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Mental Illness and your Patient

 

Mental Illness and your Patient

Many nurses are uncomfortable, frustrated or at a loss with how to deal with a patient who has mental illness, such as bipolar disorder, or schizophrenia, as a

co-morbidity. You may feel you didn’t sign up for psych nursing, but the reality is, mentally ill people  get sick.  Actually they have a higher mortality but that’s another sad fact and post.

When Your Patient has a Mental Illness

When Your Patient has a Mental Illness

  1. Treat them like anyone else-with respect. They are someone’s daughter, sister, brother. They have feelings and sense your heart. Do not tolerate mocking by your co-workers.
  2. Recognize it’s a medical illness. They have a chronic bio-physiologic disorder that can be diagnosed, managed and treated like other medical illnesses. Diabetes, for example.
  3. Having a mental illness is not a lifestyle or a choice. No one chooses to have Bipolar Disorder or to have an illness which ostracizes them from society.
  4.  As a result of their illness, they may be cognitively impacted and can be socially inappropriate with lack of insight.Frontal lobe involvement can result in impulsivity, poor judgment and lack of filter.
  5. Be clear and give step by step directions. Do not give rapid, complex instructions. Repeat if needed. Do not expect perfect retention.
  6. Re focus if they are perseverating/repeating themselves. As an example, try offering a snack, or taking a walk in the hallway.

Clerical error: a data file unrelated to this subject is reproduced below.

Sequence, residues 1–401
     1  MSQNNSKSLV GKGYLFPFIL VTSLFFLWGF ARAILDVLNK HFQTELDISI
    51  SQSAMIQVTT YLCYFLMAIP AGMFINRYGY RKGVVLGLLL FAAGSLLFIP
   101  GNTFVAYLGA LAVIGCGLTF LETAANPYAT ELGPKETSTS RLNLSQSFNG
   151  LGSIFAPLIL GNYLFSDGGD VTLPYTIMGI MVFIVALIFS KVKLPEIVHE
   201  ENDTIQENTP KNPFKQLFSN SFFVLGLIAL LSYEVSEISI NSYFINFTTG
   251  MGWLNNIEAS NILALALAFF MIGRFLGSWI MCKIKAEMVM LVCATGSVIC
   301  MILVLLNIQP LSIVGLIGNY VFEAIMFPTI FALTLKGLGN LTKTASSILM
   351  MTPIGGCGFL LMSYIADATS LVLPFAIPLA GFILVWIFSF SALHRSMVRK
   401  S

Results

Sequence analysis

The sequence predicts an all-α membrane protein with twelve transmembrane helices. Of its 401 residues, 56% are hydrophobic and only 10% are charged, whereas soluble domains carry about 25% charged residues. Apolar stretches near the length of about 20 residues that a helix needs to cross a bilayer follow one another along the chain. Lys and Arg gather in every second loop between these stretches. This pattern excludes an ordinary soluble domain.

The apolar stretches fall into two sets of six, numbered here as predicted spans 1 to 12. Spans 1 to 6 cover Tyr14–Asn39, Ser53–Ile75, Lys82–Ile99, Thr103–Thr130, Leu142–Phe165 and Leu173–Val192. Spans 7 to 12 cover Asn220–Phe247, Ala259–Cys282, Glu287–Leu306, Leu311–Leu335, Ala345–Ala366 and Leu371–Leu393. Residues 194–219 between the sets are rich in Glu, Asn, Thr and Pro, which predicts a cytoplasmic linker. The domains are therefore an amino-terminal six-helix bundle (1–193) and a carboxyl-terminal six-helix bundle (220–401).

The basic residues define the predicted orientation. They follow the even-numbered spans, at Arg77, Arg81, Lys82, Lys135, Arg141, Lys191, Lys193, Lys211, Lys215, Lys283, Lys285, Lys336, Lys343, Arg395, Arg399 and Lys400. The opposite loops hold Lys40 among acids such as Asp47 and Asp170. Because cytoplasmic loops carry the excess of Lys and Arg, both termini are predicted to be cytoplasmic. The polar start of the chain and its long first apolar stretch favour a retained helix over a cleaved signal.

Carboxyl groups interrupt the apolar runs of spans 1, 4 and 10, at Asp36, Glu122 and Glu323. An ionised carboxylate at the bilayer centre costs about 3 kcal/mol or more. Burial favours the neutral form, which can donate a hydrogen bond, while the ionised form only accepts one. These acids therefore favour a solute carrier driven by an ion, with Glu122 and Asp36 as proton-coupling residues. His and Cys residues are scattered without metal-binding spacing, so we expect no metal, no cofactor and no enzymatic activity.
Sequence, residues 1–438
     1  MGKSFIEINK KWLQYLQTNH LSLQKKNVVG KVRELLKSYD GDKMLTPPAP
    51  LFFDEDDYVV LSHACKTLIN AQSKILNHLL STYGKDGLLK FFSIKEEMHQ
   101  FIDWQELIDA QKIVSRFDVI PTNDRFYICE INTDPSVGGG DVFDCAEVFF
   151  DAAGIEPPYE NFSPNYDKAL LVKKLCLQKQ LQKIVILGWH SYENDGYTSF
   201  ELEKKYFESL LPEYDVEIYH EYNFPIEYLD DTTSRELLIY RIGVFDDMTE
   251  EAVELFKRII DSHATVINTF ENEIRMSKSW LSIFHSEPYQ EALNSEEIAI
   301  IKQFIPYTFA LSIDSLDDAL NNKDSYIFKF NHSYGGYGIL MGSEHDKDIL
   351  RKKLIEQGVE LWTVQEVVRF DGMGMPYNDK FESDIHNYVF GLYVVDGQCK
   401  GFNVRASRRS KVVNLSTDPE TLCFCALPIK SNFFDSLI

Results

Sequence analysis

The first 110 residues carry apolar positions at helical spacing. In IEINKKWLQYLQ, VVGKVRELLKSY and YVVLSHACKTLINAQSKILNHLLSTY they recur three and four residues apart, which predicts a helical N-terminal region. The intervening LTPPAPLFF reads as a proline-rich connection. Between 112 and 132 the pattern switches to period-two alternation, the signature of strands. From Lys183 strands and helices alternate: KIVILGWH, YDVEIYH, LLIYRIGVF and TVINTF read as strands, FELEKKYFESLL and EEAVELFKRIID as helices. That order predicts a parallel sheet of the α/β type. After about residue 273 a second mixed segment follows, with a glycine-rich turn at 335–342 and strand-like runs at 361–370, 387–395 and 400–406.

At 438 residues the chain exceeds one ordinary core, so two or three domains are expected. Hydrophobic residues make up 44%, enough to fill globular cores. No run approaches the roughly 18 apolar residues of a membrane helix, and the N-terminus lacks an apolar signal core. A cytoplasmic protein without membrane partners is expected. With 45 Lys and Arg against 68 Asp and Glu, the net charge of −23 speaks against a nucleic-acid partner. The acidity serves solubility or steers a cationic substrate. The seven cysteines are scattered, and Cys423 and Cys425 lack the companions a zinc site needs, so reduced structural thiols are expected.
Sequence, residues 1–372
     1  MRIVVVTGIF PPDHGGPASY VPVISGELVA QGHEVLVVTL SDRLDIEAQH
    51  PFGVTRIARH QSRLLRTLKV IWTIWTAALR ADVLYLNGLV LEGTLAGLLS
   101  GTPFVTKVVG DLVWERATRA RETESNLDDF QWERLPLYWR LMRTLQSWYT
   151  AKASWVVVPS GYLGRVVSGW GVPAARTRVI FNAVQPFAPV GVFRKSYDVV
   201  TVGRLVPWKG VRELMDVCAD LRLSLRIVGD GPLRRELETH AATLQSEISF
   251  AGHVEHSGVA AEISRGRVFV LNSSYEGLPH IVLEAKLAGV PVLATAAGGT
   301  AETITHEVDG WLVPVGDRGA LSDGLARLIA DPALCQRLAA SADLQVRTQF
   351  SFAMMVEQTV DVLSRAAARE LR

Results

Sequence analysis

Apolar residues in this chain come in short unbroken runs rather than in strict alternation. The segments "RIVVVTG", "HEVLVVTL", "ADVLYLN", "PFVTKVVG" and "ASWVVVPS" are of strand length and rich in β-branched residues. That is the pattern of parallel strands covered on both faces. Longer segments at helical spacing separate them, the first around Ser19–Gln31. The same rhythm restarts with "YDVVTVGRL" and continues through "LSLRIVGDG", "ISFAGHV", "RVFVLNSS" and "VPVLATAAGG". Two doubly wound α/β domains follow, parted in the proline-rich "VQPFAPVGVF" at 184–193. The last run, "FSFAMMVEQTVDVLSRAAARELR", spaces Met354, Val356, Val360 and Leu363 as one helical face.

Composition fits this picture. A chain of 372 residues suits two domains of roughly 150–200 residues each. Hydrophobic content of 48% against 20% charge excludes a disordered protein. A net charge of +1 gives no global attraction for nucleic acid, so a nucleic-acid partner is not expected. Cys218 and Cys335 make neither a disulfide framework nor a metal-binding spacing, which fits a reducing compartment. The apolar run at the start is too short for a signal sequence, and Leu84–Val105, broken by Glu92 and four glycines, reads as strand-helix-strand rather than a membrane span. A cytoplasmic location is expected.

7. A high per cent of people with mental illness smoke cigarettes. Factoid- smoking helps to decrease auditory hallucinations. Meaning I don’t judge folks who have a mental illness and smoke. At any rate, get them started on a nicotine patch ASAP.

Until next time friend,

Nurse Beth

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You can also visit me at Ask Nurse Beth career column at allnurses.com for all kinds of  entertaining and informative career questions and answers, and to submit your own question 🙂


 

 

About Beth Hawkes (127 Articles)
Nice to meet you! I'm a Nursing Professional Development Specialist in acute care, a writer, speaker and career columnist.
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  • Anonymous

    Excellent!

  • I tell my students this all the time when they are complaining about their psych rotations (after I tell them to stop complaining about their psych rotation.) Basically, “If you think you will never see another mentally ill person, you are the disillusioned one – schizophrenics have heart attacks too!”

    • Lorelei Rodgers

      Why are they even complaining about their psyche rotations? I’m 2 years out of school and that was one of my favorite rotations, along with all the others I did. I currently work as an MDS director at a large rehab/nursing facility and let me tell you, about 1 in 10 rt’s is diagnosed with some mental illness. Beth hit the nail on the head when she stated that this is an ILLNESS not something they chose or facilitated through lifestyle. As with any sphere of nursing, it begins with the patient. Meet them where they are and drop your agenda right away. Doing this will ease your interaction with the mentally ill patient!

      • Beth Hawkes

        Love it ” meet them where they are” What helpful insight!

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